EASA Airworthiness Directive (EC225/AS332L2)

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We are aware of the Airworthiness Directive issued today, 7th October 2016, by the European Aviation Safety Authority (EASA) relating to the EC225 LP and AS332 L2 aircraft types.

While any progress in understanding how we can prevent further accidents is welcome, EASA, as the European regulator, is just one part of an integrated safety system which operates to ensure the safety of offshore helicopter operations.  Today’s directive describes the replacement of specific parts and additional inspection checks and with which operators must comply but does not mean an immediate return to service.

It is our understanding that the UK Civil Aviation Authority’s existing restriction, prohibiting all commercial flying by UK operators, is to remain in place. Recent feedback from the offshore workforce has once again highlighted that helicopter safety is the number one concern and accordingly Step Change in Safety welcomes this robust stance and their alignment with the Norwegian Civil Aviation Authority.

The Norwegian Super Puma helicopter accident on Friday 29 April 2016 is still under investigation by the Norwegian authorities and all stakeholders remain in close contact and continue to assess the situation.  We now must wait for further information from the accident investigation before considering the next steps.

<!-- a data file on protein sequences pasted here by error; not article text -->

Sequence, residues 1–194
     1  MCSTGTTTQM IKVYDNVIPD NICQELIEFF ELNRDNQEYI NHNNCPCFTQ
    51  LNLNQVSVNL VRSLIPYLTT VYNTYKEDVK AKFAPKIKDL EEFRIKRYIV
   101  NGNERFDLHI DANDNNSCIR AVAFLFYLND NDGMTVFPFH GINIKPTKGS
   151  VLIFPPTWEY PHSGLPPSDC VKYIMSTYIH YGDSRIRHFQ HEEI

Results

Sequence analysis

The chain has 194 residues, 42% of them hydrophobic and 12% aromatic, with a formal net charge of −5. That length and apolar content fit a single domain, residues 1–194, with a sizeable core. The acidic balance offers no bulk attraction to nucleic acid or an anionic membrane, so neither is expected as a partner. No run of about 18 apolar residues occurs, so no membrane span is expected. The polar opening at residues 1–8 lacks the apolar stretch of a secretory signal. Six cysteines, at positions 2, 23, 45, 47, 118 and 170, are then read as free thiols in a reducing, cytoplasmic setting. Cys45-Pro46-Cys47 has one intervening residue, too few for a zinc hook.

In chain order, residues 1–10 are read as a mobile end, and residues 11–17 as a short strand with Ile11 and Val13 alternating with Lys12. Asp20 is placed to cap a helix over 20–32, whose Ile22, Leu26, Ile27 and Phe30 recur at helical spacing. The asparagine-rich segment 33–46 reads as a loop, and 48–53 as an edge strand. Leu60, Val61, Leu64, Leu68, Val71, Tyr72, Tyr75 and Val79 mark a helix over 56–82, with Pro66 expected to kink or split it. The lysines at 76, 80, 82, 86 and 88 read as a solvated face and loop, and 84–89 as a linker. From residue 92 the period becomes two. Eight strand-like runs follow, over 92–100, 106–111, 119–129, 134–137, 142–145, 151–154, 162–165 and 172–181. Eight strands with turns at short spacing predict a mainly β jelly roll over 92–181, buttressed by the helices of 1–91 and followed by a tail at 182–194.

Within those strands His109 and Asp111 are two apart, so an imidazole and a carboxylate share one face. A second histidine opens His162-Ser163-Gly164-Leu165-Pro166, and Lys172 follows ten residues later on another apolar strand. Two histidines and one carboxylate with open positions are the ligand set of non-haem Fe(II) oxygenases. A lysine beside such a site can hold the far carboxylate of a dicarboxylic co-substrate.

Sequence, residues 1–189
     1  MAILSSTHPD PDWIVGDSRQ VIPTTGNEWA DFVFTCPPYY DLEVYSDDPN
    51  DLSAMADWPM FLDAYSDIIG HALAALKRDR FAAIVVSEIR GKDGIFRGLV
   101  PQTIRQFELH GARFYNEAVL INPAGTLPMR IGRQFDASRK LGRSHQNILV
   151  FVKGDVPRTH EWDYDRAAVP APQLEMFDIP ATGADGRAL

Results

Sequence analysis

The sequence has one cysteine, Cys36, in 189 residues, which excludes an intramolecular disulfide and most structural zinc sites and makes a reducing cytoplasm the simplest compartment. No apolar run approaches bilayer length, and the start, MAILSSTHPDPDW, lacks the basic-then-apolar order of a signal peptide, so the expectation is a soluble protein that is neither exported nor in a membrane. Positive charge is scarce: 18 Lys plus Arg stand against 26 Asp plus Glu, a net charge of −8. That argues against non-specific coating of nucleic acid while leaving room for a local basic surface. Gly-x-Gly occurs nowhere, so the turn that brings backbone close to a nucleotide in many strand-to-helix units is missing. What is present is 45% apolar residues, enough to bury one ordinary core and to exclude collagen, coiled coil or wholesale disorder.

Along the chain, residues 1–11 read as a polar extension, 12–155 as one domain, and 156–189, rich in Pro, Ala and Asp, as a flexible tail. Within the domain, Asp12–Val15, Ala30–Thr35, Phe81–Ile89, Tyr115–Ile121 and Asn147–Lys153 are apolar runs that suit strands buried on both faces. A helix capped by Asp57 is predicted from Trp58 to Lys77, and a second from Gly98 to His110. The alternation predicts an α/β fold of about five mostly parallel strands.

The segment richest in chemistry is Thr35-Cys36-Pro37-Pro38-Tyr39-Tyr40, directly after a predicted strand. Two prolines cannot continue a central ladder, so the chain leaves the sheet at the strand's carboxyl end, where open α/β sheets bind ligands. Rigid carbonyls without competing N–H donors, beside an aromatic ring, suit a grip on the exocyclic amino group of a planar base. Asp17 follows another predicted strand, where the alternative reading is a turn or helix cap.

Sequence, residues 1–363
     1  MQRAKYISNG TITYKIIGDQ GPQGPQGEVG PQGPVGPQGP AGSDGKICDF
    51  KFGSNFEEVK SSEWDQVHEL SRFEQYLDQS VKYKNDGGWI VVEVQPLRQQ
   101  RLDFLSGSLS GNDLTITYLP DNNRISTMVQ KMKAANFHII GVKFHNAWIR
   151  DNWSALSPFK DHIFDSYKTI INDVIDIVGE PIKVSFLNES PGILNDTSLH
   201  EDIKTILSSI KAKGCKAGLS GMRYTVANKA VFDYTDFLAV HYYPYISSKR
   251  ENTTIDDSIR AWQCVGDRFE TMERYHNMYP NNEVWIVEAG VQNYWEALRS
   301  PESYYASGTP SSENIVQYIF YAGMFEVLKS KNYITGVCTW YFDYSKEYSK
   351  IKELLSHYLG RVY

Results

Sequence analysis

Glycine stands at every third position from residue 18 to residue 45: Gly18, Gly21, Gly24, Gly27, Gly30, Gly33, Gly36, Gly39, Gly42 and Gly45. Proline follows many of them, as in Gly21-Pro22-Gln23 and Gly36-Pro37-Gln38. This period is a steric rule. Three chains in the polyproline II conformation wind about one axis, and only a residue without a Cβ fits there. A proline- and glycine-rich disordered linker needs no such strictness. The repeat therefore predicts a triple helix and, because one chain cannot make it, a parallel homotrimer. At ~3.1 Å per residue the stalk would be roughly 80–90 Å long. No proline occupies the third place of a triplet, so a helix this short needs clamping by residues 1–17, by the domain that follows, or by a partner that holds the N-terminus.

With their customers, helicopter operators continue to determine the implications for search-and-rescue and oil-and-gas operations – with safety of their pilots and passengers their first consideration at all times.  At each step, for every organisation involved in this process, the safety of flight operations comes first.

The safety of those who travel on offshore helicopter flights is a key priority. Since its formation in 2014 the Offshore Helicopter Safety Action Group (OHSAG) has worked closely with the industry’s Helicopter Safety Steering Group (HSSG), resulting in many safety improvements that were welcomed by everyone involved.

The organisation of helicopter safety efforts in the UKCS can appear complicated, however ensuring safe flight operations remains our common objective focusing on accident prevention as well as mitigation.  To that end we are now working to integrate these groups further to bring a clear focus on the UKCS aviation safety strategy.  Through a proposal to consolidate the strategic leadership activities of OHSAG and HSSG, we will bring further enhancement to the organisation of the helicopter safety work in the UKCS.



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